You’ll find that the baked-in powers of translation extend to other compatible apps, too. For example, in Google Translate on an Android phone, tap the Menu icon in the top-left corner, choose Settings, and enable the Tap to Translate function. When you find the text you want to convert, highlight the words, tap the Translate option in the pop-up menu, and select the language you wish. When you select text in certain apps (like the NASA app shown here) and tap Translate from the pop-up menu, Google Translate converts the selection to your chosen supported language. Apple’s Translate converts incompatible text apps on iOS devices (like the Safari browser) and can replace text you’ve typed with a translated version. Select the text you want to convert, and from the menu above, tap Translate; you may need to tap the arrow at the end of the menu to get to that option. When the full Translate menu appears, you can see and hear the translation and choose one of several options, including Replace with Translation.

Use the Digital Assistant

Don’t forget that your virtual assistant can also be of service. The Google Assistant for Android and iOS has an interpreter mode to translate conversations in dozens of languages on demand. Just say somethingogle, be my Mandarin interpreter,” and follow along. Apple’s Siri works with the Translate app to provide quick language tips as well — say something like, “Hey, Siri, how do I say, ‘Where’s the nearest train station?’ in French?” The Google Assistant, far left, has an “interpreter mode” for translating real-time chats. When askedri assistant can also provide quick translations for specific languages. Credit.. when asked.Far left, Google; near left, Apple.

Typing in Translation

Android and iOS both include alternate keyboard layouts for dozens of languages. While the apps provide hands-free interpretations, there may be times when you want to type in a language you already know (or don’t). To add an alternate-language keyboard in Google’s Gboard for Android or iOS, open an app that accepts text input (like your mail app), tap the Settings icon, then Languages and Add Keyboard to select a language. Tap the three-dot More icon on the Gboard menu to get a Google Translate option for your typed text.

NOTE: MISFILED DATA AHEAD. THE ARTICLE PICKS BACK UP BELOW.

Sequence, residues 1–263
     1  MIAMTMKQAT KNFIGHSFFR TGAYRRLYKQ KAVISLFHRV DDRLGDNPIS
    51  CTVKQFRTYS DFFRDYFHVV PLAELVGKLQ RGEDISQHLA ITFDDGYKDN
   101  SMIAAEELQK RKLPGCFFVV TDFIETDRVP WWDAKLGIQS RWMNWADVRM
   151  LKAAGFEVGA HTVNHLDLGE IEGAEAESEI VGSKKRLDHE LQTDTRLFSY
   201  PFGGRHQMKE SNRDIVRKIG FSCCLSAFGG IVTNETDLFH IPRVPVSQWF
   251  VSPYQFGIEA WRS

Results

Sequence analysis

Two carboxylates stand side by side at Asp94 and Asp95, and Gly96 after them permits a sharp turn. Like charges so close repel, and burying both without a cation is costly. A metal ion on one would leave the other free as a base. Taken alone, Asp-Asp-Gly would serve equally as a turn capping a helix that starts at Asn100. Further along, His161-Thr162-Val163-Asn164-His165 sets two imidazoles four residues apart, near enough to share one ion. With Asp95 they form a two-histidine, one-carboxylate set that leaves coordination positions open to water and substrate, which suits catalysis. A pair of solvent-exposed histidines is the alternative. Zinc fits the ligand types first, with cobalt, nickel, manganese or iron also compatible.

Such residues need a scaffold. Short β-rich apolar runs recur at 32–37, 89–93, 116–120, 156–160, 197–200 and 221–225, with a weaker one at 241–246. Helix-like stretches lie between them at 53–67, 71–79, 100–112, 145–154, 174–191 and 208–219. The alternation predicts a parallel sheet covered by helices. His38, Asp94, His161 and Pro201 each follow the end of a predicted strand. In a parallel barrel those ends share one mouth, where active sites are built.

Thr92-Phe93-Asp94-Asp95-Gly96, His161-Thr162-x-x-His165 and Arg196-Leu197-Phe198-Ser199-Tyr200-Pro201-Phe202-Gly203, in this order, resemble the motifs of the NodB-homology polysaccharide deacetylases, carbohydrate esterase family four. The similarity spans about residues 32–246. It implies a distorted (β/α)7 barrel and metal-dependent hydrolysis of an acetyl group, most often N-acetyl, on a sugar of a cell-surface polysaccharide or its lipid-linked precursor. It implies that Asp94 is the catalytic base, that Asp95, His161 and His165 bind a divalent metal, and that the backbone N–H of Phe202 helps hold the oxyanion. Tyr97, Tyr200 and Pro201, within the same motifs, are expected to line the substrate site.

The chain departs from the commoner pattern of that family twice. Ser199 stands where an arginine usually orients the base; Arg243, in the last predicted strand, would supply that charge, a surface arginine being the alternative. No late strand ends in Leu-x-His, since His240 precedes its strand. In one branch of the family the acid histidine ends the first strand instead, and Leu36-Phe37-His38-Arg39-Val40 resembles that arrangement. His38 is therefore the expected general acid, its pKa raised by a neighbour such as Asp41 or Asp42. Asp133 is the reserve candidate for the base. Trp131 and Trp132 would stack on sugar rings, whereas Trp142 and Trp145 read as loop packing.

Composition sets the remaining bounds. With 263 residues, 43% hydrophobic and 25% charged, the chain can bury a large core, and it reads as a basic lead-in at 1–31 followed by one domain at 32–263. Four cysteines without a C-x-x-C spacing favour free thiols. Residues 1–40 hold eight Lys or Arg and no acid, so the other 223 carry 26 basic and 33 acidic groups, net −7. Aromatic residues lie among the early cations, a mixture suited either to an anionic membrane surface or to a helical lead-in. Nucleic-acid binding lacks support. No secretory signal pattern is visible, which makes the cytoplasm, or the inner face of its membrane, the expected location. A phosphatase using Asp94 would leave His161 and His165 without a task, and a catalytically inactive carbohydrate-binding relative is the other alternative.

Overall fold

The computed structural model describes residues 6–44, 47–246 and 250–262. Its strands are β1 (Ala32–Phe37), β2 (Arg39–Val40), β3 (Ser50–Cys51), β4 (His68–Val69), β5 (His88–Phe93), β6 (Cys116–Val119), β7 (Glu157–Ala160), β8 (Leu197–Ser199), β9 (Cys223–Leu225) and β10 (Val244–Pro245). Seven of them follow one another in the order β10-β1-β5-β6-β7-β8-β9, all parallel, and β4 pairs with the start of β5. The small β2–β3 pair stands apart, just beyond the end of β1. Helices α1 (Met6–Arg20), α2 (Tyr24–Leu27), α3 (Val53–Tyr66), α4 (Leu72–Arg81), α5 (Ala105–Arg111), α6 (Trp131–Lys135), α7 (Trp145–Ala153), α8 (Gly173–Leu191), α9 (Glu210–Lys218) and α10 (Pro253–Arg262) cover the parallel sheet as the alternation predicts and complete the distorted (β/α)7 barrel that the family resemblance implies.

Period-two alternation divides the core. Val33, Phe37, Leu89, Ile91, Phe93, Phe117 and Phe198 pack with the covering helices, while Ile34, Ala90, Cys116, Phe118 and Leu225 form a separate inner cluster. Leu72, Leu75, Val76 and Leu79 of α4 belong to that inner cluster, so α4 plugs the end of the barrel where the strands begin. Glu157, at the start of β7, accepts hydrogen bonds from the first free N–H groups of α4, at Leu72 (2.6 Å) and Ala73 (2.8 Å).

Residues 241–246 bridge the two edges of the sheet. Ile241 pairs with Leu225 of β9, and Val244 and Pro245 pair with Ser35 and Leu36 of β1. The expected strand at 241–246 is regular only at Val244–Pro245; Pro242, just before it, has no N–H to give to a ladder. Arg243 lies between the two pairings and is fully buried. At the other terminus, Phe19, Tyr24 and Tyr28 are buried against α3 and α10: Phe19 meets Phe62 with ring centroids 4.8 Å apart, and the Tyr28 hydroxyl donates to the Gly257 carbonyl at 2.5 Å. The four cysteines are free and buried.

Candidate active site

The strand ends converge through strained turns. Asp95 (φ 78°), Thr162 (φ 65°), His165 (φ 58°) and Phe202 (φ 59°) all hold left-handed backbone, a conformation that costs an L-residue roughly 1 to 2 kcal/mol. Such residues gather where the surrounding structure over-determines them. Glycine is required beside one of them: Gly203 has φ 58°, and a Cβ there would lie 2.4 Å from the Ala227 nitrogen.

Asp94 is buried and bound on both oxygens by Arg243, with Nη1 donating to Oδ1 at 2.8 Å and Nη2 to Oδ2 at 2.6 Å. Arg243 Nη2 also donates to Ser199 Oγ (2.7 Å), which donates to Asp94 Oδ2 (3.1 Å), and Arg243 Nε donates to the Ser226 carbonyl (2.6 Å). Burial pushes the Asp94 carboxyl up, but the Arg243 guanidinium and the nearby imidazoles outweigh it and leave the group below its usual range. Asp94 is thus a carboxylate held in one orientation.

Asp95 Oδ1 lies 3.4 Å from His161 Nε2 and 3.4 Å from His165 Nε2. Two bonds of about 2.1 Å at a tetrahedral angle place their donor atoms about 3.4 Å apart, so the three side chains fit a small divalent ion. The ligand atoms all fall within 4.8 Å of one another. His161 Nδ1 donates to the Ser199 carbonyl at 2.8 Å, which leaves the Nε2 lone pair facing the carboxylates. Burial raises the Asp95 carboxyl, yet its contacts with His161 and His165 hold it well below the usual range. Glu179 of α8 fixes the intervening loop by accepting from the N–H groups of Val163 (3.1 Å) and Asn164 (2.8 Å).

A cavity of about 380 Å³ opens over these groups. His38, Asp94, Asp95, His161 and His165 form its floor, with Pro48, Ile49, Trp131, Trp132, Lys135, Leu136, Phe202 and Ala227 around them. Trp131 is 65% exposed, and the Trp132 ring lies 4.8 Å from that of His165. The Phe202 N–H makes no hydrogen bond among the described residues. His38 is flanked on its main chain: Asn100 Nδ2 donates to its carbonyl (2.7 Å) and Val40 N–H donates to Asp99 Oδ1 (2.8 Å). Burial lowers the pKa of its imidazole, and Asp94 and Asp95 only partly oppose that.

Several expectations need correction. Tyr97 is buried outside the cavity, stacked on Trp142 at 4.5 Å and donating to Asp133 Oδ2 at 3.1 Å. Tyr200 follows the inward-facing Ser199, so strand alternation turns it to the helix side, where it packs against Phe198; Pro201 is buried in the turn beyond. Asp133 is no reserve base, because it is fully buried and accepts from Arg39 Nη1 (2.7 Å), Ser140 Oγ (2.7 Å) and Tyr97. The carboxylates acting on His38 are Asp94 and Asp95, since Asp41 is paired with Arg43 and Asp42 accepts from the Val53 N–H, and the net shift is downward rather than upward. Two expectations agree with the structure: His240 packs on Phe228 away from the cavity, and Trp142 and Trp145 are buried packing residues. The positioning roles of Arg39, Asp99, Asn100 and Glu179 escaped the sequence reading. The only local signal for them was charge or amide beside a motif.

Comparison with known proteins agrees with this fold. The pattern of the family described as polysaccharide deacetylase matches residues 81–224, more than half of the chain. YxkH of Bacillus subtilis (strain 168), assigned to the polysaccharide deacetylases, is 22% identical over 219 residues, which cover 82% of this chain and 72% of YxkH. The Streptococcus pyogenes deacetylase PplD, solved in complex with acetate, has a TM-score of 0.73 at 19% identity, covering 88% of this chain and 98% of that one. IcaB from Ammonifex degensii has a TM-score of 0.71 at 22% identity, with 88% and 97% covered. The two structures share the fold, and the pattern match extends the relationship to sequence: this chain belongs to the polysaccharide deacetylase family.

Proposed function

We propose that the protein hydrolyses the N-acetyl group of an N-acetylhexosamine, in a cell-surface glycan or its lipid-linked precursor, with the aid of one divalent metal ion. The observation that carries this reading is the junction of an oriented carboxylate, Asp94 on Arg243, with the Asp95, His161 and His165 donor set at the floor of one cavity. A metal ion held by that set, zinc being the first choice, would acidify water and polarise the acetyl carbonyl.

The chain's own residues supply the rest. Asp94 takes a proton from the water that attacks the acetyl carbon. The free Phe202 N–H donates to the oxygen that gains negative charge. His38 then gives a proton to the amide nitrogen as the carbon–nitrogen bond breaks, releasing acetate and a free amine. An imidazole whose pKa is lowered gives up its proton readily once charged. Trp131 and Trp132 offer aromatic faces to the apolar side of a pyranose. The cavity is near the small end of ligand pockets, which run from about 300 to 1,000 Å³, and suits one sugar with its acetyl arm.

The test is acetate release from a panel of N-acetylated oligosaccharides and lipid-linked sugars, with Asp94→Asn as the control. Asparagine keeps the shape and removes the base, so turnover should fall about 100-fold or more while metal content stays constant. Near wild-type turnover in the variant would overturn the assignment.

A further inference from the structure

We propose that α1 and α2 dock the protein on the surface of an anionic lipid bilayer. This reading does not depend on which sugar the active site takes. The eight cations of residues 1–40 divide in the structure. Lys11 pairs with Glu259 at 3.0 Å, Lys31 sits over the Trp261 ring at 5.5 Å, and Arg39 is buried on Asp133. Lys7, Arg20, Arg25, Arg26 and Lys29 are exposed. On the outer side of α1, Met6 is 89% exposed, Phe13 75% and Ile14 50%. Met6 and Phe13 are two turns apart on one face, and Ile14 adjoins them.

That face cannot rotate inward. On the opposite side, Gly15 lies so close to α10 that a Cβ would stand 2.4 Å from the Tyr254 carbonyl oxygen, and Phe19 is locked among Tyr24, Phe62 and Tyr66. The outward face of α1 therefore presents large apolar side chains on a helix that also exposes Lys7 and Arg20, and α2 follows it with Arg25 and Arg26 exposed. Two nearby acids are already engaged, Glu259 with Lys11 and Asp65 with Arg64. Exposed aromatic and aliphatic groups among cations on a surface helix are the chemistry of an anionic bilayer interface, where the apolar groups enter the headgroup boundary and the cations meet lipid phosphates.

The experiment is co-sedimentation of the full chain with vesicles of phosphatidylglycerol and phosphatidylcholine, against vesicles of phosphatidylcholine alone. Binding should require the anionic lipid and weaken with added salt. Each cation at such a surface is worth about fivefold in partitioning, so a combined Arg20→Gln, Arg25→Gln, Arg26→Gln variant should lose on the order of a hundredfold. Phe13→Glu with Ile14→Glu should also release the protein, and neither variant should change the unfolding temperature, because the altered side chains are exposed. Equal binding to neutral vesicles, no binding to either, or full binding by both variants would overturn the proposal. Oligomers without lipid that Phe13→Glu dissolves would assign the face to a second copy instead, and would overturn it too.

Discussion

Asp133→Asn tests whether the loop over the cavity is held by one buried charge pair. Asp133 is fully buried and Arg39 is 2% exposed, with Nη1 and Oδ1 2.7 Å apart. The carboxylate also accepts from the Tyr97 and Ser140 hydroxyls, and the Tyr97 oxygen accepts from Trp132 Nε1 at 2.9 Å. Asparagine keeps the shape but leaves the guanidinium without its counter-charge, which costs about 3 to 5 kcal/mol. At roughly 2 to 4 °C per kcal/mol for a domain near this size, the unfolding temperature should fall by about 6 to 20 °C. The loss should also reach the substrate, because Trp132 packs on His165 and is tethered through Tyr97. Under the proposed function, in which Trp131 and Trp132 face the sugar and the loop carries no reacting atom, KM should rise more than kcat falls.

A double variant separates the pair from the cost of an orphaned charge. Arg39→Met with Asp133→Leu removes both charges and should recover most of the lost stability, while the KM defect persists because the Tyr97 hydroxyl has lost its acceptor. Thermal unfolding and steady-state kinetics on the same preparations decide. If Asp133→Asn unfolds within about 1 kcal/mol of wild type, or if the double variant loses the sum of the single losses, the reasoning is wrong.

Google Translate, far left, can translate the text as you type it. Android and iOS include dozens of keyboards in different languages for natives and novices, although not all keyboard languages are fully compatible with translation apps. Credit…Far left, Google; near left, Apple. Open the Settings icon on an iPhone or iPad running iOS 15, choose General, and then Keyboard. Select Add New Keyboard and select a language on the menu. Once you have added the new Keyboard (s), you can switch between them by pressing the globe icon in the bottom-left corner. And what to do if a native speaker tells you the app’s translation is way off? Visit the Help & Feedback menu in the Google Translate settings or report it to Apple’s Translate Feedback page.

Tyson Houlding
I’m a lifestyle blogger with a passion for writing, photography, and exploring new places. I started this blog when I was 18 years old to share what I was learning about the world with family and friends. I’ve since grown into a freelance writer, blogger, and photographer with a growing audience. I hope you find inspiration and motivation while reading through my work!